The leader of German Chancellor Angela Merkel’s party says she would have liked a clear signal from its junior governing partner that it intends to stay in Merkel’s coalition, and is deeply skeptical about its calls for new concessions.
BERLIN — THE leader of German Chancellor Angela Merkel’s party says she would have liked a clear signal from its junior governing partner that it intends to stay in Merkel’s coalition, and is deeply skeptical about its calls for new concessions.
The Social Democrats, the junior partner in Merkel’s fractious government, have elected a left-leaning new leadership duo, Saskia Esken and Norbert Walter-Borjans.
A party convention on Friday gave them a mandate to hold talks with Merkel’s center-right Union bloc aimed at raising the national minimum wage, increasing public investment and raising the price of carbon dioxide in a recently agreed climate package.
The Social Democrat convention rejected a call from left-wingers to leave the government immediately, but left open when a decision would be made on whether the party stays or goes. Merkel’s bloc has made clear that it has no intention of radically renegotiating the accord underpinning the “grand coalition” of what were traditionally Germany’s biggest parties.
“I would have liked a really clear signal from the Social Democrats’ convention on the continuation of the ‘grand coalition,’” Annegret Kramp-Karrenbauer, the leader of Merkel’s Christian Democratic Union, told Sunday’s edition of the Bild am Sonntag newspaper.
Asked what her party’s red lines are, she replied that she doesn’t believe in “so-called ‘red lines,’ but I won’t accept conditions along the lines of ‘if this doesn’t happen, then we’re going.’”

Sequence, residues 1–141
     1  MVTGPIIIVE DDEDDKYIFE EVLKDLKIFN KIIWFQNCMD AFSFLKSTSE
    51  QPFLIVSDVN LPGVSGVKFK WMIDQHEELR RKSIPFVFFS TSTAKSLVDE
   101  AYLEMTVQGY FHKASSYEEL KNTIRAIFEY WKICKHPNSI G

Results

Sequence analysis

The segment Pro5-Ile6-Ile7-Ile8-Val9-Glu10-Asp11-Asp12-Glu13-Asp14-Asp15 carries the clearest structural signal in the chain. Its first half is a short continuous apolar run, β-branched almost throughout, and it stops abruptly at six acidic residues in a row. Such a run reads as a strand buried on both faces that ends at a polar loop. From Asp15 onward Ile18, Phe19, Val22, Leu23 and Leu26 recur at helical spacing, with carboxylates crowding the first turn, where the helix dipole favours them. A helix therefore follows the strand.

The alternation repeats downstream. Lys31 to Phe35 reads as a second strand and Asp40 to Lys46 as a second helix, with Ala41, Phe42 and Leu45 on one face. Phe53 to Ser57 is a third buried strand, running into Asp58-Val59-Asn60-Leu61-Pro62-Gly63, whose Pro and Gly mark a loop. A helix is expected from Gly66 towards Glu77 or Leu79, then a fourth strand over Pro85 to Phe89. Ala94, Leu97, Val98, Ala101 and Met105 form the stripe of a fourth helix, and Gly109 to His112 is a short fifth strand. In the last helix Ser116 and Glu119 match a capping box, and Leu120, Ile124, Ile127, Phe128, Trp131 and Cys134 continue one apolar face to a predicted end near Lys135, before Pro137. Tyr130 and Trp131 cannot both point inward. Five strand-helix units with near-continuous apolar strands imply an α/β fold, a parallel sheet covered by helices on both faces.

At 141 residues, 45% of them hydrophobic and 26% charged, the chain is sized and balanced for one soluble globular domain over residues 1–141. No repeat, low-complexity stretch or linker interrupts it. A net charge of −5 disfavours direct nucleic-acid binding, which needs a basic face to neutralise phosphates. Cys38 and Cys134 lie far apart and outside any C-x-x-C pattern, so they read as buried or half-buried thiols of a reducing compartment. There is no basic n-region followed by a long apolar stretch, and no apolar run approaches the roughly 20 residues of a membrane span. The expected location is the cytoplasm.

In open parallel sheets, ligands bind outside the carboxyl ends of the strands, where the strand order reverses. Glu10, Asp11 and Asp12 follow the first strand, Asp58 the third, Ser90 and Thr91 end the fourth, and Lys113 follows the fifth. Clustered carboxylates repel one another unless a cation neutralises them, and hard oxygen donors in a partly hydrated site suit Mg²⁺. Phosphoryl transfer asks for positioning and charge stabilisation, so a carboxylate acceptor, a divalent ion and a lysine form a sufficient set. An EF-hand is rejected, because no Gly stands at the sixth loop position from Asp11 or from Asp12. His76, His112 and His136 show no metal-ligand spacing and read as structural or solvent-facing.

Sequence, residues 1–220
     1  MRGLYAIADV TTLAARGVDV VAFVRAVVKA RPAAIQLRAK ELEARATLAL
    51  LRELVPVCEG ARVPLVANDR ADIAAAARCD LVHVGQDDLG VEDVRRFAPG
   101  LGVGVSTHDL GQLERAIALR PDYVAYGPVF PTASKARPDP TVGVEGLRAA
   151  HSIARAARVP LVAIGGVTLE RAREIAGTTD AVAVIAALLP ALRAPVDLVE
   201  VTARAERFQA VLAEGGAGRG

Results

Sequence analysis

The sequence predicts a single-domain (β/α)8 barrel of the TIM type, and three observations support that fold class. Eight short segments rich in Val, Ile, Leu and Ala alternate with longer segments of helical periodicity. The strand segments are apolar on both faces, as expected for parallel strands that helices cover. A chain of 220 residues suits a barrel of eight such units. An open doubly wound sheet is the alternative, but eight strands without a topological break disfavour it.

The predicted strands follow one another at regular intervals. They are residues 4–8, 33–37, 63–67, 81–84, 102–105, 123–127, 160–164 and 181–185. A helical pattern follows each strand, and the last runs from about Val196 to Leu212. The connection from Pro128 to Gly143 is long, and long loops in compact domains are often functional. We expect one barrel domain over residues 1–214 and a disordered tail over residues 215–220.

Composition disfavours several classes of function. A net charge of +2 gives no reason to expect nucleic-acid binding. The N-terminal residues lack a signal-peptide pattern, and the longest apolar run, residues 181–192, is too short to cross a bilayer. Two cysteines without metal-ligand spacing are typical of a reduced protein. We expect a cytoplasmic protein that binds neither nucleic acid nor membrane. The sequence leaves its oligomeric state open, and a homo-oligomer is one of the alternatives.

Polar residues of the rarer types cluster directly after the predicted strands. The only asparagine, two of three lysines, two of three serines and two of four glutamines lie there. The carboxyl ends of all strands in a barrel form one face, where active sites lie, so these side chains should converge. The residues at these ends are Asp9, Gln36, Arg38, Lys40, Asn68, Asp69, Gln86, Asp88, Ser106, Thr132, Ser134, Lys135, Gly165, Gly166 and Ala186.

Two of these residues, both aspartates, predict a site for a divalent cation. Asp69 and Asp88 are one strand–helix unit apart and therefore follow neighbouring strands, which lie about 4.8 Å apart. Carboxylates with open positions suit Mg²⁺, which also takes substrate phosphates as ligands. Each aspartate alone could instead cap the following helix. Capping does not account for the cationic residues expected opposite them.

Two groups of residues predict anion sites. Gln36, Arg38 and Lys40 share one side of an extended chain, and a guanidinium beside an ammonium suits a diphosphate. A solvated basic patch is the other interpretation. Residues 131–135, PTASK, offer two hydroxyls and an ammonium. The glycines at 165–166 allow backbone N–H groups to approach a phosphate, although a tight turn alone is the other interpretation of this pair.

“Governing a bit is just as impossible as being a bit pregnant,” she said.
Kramp-Karrenbauer said that “we can’t start from scratch again” on the climate package, details of which are already due to be haggled over after parliament’s upper house, which represents state governments, halted parts of it.
As for the call for a massive increase in public investment, she argued that there is no shortage of money and that, as long as already-agreed funding hasn’t been used, it makes no sense to run up billions of euros in new debt.
In separate comments to the Frankfurter Allgemeine Sonntagszeitung newspaper, Kramp-Karrenbauer criticized the Social Democrat leadership’s call for raising the minimum wage, which currently stands at 9.19 euros per hour and is due to rise to 9.35 euros in January, to 12 euros ($13.25).
The minimum wage was introduced in 2015 at the Social Democrats’ insistence and its level is reviewed regularly by an independent commission. Kramp-Karrenbauer was quoted as saying that its level should “not be set politically.”
The Social Democrats only reluctantly agreed to join Merkel’s fourth-term government last year and are stuck in a long-term poll slump. The parliamentary term is due to end in the fall of 2021 and Merkel has said she won’t seek another term.